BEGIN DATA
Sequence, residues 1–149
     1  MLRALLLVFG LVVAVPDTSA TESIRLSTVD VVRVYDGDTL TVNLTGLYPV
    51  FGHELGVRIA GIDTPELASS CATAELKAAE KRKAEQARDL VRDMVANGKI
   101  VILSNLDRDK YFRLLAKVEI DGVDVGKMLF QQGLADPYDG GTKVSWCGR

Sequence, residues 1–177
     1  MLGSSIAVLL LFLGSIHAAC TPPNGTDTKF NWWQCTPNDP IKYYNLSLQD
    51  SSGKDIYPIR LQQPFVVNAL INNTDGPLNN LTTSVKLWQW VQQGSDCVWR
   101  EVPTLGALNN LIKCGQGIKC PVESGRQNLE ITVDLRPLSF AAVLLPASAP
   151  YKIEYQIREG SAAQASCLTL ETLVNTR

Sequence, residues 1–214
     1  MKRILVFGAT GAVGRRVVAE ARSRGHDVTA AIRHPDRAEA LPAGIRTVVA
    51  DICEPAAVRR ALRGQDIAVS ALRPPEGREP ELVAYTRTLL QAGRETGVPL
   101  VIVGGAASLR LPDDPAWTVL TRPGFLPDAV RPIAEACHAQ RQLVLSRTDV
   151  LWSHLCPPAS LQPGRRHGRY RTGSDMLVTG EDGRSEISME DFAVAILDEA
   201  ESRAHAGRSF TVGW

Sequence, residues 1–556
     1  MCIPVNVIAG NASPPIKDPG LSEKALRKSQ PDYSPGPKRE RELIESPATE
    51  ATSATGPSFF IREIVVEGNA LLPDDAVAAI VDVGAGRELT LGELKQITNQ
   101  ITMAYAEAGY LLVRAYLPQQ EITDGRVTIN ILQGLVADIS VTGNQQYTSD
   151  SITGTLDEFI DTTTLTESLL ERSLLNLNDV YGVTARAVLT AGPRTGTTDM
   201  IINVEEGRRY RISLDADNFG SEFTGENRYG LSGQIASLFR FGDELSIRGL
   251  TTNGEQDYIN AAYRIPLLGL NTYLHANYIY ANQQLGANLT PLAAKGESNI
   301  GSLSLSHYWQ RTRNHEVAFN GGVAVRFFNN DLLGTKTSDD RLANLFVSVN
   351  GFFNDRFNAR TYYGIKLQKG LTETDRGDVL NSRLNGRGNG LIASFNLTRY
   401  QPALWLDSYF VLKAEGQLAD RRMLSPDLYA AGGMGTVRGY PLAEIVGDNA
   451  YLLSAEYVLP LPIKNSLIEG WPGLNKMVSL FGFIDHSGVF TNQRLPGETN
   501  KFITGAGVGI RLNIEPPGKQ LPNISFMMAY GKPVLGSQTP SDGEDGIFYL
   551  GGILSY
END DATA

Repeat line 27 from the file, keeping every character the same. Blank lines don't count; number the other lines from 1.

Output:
   501  KFITGAGVGI RLNIEPPGKQ LPNISFMMAY GKPVLGSQTP SDGEDGIFYL